Any Summer Steelhead??

Discussion in 'Steelhead' started by Luke Ramirez, Aug 20, 2007.

  1. Luke Ramirez

    Luke Ramirez Still DoubleUgly

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    I've been winter steelheading the last few seasons but I would like to give the summer season a try. I've heard the summer runs this year are bad. Is anyone having luck out there? Where would you recommend for a novice steelheader? Not looking for your favorite spot here, just some advice to get a guy into a new experience!

    Thanks!
     
  2. chadk

    chadk Be the guide...

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    A few areas worth exploring:

    Green river
    Snoqualmie river
    Skykimish river
    Stilly

    Just a few within a reasonable drive. Not sure how each are fishing, but all are worth exploring. Fishing reports are often a waste of time. One day it can be hot, the next dead. Just go and give it a shot. Make your own report...

    I'd focus higher up on these river systems. Lower in the river will be more crowded, especially as the salmon start stacking up. It will get ugly fast. And catching a steelhead with all those salmon around can get tricky.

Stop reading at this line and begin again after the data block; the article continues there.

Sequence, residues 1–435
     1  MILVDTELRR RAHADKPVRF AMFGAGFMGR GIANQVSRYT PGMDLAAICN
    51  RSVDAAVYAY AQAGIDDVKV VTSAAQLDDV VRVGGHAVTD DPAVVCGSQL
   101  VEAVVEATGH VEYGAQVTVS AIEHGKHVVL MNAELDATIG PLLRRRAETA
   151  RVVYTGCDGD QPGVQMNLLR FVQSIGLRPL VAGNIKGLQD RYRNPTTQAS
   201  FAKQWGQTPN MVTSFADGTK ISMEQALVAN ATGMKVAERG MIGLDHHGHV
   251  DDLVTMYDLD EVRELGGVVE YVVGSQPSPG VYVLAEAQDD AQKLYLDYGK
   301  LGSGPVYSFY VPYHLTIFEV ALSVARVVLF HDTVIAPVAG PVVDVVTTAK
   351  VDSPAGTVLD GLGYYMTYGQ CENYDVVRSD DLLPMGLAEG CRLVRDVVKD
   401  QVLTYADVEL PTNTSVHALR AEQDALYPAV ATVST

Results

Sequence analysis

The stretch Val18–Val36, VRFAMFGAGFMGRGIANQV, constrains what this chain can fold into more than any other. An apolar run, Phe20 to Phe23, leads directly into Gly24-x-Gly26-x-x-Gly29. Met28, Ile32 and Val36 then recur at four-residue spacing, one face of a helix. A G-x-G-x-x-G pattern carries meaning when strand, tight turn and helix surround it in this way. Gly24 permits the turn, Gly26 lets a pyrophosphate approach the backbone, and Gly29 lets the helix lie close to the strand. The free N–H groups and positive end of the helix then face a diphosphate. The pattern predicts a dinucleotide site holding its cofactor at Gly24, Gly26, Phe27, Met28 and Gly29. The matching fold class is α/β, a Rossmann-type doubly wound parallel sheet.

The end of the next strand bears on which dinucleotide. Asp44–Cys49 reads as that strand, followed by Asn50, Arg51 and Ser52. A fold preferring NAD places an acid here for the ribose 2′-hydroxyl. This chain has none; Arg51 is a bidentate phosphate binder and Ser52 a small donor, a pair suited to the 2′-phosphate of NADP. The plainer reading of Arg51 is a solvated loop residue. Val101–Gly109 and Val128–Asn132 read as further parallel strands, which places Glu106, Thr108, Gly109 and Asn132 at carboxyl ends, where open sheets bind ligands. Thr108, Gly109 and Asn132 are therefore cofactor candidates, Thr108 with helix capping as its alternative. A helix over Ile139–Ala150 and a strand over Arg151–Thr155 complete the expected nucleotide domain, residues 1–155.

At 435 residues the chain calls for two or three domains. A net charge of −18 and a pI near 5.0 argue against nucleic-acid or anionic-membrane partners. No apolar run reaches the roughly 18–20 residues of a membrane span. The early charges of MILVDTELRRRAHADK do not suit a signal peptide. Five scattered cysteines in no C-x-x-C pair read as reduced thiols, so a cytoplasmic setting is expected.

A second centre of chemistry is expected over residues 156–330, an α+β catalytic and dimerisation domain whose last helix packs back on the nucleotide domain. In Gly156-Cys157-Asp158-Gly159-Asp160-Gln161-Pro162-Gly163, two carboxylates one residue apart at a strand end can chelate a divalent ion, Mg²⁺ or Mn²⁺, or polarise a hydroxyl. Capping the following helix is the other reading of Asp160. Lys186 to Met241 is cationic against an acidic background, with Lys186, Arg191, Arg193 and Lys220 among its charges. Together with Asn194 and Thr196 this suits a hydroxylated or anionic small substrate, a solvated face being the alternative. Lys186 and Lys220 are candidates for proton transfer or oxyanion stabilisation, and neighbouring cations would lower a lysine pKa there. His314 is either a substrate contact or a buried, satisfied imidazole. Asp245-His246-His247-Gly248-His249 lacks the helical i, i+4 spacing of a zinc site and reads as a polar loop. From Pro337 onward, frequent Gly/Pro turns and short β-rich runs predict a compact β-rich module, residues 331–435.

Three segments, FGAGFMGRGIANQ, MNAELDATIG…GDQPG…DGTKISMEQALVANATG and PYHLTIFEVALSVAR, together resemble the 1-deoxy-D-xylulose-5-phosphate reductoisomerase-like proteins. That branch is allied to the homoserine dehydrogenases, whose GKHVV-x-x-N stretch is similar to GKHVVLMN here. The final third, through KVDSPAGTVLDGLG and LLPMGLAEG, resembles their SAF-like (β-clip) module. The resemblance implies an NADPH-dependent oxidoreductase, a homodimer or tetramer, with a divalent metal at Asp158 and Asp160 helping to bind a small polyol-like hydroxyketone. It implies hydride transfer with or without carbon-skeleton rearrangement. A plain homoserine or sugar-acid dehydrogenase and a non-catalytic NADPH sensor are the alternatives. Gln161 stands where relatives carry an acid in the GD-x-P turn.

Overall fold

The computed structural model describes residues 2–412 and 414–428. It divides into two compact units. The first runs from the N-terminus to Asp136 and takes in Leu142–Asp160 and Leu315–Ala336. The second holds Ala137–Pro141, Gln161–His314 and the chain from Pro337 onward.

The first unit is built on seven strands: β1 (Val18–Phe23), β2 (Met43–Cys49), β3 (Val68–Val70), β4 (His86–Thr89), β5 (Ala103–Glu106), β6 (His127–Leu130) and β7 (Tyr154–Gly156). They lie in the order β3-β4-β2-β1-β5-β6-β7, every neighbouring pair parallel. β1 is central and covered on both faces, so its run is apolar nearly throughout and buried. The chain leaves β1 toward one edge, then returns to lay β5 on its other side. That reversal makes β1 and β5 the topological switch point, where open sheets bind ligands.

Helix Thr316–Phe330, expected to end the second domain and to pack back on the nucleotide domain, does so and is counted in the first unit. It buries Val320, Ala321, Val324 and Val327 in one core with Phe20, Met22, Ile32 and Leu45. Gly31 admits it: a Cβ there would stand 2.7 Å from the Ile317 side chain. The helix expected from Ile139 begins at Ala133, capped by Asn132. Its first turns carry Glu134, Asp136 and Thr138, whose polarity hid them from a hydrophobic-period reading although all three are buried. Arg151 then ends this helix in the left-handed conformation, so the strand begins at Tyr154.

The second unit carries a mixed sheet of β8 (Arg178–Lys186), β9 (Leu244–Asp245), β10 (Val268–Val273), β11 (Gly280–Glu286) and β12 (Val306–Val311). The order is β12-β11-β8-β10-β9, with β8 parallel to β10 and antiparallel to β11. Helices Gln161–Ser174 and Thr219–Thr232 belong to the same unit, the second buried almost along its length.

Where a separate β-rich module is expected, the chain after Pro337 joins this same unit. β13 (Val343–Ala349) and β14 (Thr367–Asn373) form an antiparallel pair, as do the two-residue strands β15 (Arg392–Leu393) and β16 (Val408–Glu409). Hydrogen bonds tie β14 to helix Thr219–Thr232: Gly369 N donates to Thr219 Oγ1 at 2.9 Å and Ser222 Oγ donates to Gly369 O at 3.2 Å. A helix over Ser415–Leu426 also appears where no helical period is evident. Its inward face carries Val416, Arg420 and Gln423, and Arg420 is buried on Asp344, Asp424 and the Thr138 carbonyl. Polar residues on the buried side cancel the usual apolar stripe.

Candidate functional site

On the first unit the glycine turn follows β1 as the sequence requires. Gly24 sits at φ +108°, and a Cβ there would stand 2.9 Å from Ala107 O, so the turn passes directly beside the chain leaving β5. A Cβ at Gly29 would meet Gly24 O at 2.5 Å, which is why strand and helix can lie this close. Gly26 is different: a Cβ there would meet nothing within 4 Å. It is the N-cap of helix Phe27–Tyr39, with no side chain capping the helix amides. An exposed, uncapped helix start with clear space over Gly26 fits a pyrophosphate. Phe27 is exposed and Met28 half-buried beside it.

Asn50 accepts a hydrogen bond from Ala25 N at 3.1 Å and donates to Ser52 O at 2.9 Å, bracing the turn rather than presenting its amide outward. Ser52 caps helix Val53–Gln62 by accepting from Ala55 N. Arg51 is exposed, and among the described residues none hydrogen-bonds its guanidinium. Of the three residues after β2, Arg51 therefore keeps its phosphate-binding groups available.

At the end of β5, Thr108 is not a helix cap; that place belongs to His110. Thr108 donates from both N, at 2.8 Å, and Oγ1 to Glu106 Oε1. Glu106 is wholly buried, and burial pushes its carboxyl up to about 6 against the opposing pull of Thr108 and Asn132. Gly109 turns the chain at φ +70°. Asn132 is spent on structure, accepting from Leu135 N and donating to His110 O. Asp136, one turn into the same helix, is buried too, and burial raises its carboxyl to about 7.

3. Riane

    Riane Mouse doctor

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    Quite frankly its not a good year to start chasing summer runs- the summer run in the Puget Sound area is so bad its really not even worth the gas or time at this point (my opinion, and I am a steelhead addict). I hit a few nice hatchery fish in June, but its gone south and it was poor even then. The wild fish may be near historic lows- I fished hard for them in July and haven't bothered in August- perhaps better to let the remainder of these pathetic numbers spawn in peace. Columbia river stock may have picked up a bit but those are also down. While there are always interesting possibilities that I'm not willing to share here, I'll probably stick mostly to catching salmon for the next couple of months.
     
  4. Will Atlas

    Will Atlas Guest